Another Life: Land and sea locked into a timeless exchange

Where do the oceans get their new calcium from if not rivers rushing out dissolved limestone from the land?

In a pinch: a crab, part of the big planetary recycle. Illustration: Michael Viney

In a pinch: a crab, part of the big planetary recycle. Illustration: Michael Viney

 

For every grain of mineral sand that whispers across the dunes as a fragment of a ground-down Irish mountain, another wind-blown particle began in shattered sea shells at the tideline – “the toe and fingernail parings of the sea” in Michael Longley’s indelible image.

Arriving ashore, the calcium of myriad marine molluscs – mussel, periwinkle, cockle, topshell, tellin, razor and an infinite remainder – becomes molecular material for the shells of land molluscs, the multicoloured snails that throng the dunes and machair. As a local piece of planetary recycling, I find this striking and delightful.

There are plenty of other Gaian examples on a grander, global scale. Where do the oceans get their new calcium from if not rivers rushing out dissolved limestone from the land? This is itself the rocky product of crushed molluscs, crustaceans, coccoliths, corals and so on in ancient, elevated seabeds. If it were not for the land the life of the sea would be much reduced – and, of course, vice versa.

Thanks to Triona McGrath at NUI Galway we now know that the generous outflow of Ireland’s alkalinity should help to sustain the coastal and shellfish-rich waters of Ireland. Like the rest of the world’s oceans they are threatened by excessive, man-made carbon dioxide absorbed into the water from the atmosphere and becoming corrosive carbonic acid.

For her PhD on chemical oceanography of Irish waters, with particular emphasis on ocean acidification, Dr McGrath sailed with scientists of the Marine Institute to analyse the biogeochemistry of water masses across our continental shelf and in the Rockall Trough.

She charted levels of acidification as far down as 2,200m (well past the depth of our susceptible cold-water coral reefs) and its impact on the water’s chemical nutrients, then turned to the distribution of a buffering alkalinity along our coasts.

Acidic and siliceous as the rocks in our rim of mountains may be, Ireland’s central raft of limestone is a source of calcium carbonate exceptional in the eastern north Atlantic. Its impact on alkalinity is, predictably, strongest at the island’s coasts where its distribution is complicated by upwellings of deep water and seasonal changes in marine life and productivity.

The Liffey is a high source of calcium to the Irish Sea; Munster’s Barrow, Nore and Suir help lime the Celtic Sea (but not the Lee, which scours a different bedrock); and the Shannon pours buffering alkalinity into coastal currents flowing north to Connacht. The island’s northern rivers, low in calcium, do little to raise the sea’s pH.

This could all be important to the success of shellfish farming, as the marine life most vulnerable to acidification includes many of the main human food species, such as oysters, mussels, scallops and clams.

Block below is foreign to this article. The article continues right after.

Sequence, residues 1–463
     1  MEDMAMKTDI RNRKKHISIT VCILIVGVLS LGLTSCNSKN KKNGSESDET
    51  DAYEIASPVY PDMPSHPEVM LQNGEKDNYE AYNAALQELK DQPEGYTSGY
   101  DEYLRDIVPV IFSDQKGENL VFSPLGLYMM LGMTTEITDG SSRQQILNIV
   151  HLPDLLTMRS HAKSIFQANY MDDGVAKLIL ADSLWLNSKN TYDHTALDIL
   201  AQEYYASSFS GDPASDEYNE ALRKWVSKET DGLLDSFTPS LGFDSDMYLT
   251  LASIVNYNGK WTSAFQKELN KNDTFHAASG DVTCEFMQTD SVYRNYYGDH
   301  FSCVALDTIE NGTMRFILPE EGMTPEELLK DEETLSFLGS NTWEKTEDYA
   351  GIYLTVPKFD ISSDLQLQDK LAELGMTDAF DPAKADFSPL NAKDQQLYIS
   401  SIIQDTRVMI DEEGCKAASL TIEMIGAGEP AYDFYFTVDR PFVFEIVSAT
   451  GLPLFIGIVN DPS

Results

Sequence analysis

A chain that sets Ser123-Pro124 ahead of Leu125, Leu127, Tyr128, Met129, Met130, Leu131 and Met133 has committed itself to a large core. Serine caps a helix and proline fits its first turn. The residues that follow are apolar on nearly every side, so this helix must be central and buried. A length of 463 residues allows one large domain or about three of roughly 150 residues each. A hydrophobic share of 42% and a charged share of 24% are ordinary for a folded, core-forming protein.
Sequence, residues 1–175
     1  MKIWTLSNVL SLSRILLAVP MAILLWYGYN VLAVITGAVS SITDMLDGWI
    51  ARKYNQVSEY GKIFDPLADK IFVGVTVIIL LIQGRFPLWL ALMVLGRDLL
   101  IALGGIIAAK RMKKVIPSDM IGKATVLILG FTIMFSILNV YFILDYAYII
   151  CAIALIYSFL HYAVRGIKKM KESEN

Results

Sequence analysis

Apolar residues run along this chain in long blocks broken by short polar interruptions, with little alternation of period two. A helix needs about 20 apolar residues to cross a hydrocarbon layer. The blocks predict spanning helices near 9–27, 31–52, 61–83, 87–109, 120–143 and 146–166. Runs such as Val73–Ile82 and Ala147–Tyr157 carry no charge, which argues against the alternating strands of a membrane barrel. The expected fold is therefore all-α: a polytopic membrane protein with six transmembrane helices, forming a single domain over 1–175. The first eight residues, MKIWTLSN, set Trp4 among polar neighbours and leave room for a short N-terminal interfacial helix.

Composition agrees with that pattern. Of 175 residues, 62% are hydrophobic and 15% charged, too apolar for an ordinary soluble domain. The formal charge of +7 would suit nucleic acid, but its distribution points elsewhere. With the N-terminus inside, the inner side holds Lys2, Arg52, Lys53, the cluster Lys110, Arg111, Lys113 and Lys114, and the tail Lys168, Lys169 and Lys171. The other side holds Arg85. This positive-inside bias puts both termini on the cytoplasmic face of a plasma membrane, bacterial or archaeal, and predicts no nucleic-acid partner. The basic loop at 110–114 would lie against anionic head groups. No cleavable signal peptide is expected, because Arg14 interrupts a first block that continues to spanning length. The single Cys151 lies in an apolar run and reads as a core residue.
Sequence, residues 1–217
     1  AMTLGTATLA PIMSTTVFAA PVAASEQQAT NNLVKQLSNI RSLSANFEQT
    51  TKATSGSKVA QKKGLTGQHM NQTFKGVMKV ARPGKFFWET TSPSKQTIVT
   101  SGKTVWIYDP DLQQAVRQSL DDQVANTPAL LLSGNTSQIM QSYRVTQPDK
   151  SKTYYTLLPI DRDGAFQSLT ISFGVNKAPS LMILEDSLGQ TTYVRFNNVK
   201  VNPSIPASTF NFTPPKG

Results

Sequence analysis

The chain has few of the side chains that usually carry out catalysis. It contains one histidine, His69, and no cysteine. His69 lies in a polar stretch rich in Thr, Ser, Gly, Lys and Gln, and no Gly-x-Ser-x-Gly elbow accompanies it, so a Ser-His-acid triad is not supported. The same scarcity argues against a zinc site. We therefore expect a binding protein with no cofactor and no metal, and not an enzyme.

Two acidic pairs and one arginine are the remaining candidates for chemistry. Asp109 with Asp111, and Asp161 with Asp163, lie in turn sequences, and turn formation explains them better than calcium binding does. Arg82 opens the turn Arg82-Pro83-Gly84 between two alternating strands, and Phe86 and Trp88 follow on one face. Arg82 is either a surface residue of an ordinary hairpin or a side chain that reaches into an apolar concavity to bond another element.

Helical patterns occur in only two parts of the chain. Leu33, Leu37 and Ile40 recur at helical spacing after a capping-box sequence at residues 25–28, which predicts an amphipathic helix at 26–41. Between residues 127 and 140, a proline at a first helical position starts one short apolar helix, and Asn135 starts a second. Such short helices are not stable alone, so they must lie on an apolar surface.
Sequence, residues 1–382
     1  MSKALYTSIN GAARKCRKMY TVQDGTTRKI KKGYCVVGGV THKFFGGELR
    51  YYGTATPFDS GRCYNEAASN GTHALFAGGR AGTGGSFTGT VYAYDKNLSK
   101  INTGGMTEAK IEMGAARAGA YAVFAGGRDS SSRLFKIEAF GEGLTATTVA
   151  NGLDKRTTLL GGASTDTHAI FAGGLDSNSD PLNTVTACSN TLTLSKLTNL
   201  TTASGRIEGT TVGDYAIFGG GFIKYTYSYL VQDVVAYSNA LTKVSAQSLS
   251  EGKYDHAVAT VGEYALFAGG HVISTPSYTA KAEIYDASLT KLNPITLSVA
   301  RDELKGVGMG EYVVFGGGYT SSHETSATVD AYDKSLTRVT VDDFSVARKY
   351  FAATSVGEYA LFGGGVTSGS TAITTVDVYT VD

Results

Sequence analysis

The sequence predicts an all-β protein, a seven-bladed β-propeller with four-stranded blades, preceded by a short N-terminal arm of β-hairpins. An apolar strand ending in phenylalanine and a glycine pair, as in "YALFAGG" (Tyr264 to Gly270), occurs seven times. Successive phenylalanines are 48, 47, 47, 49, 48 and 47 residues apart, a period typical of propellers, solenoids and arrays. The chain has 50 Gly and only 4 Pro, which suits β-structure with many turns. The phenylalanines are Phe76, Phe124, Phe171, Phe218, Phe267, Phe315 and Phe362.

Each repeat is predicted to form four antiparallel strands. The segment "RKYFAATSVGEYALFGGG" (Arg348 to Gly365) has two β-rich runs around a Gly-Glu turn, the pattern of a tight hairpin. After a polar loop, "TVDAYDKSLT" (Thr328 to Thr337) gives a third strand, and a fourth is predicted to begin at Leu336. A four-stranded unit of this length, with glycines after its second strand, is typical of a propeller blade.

A common prediction, tested in laboratory experiments, is that as the oceans become warmer and more acidic the shells of these will grow thinner. On the other hand, maintaining them as a defence against predators and rough seas could take more energy, perhaps resulting in smaller sizes with less marketable flesh.

How shellfish actually produce their shells from the calcium carbonate in seawater is still not fully known. A study of this, and how they will react as acidic water attacks their shells and skeletons, is the focus of a new €3.6 million EU research programme called Cache – Calcium in a Changing Environment.

Laboratory research in the US has shown some unexpected responses. Scientists at Woods Hole Oceanographic Institution tested the effects on 18 marine species of progressively raising the levels of carbon dioxide in the air above their tanks. Along with dissolving into oceans to produce carbonic acid, the carbon of carbon dioxide combines with calcium in the water to offer calcium carbonate used for shell-building. This is a balance that climate change could upset.

As the carbon-dioxide levels were increased at Woods Hole, clams, oysters and scallops built less and less shell – but cool-water urchins and limpets actually grew best at more than double the current level of carbon dioxide. And a crab, lobster and large prawn contrived heavier shells as the greenhouse gas increased.

The column’s theme invites a poetic conclusion:

Shells and dust of shells.
Evolution got it right:
no us without them.

This fitting haiku was born on the shores of Dublin Bay and crafted by Pat Boran for his sharply entertaining and perceptive Waveforms: Bull Island Haiku, produced in pocket-size by Orange Crate Books. Its 120 pages include scores of haiku with Boran’s photographs, each a telling monochrome moment of its own. Many set people in their sandy landscape, for Boran is just as inspired by current human behaviour at the Bull Island shore. His haiku tread a delicate line between wisecrack and revelation, and if you’ve ever wondered what this ancient poetic form can offer today, try this little book for €10.

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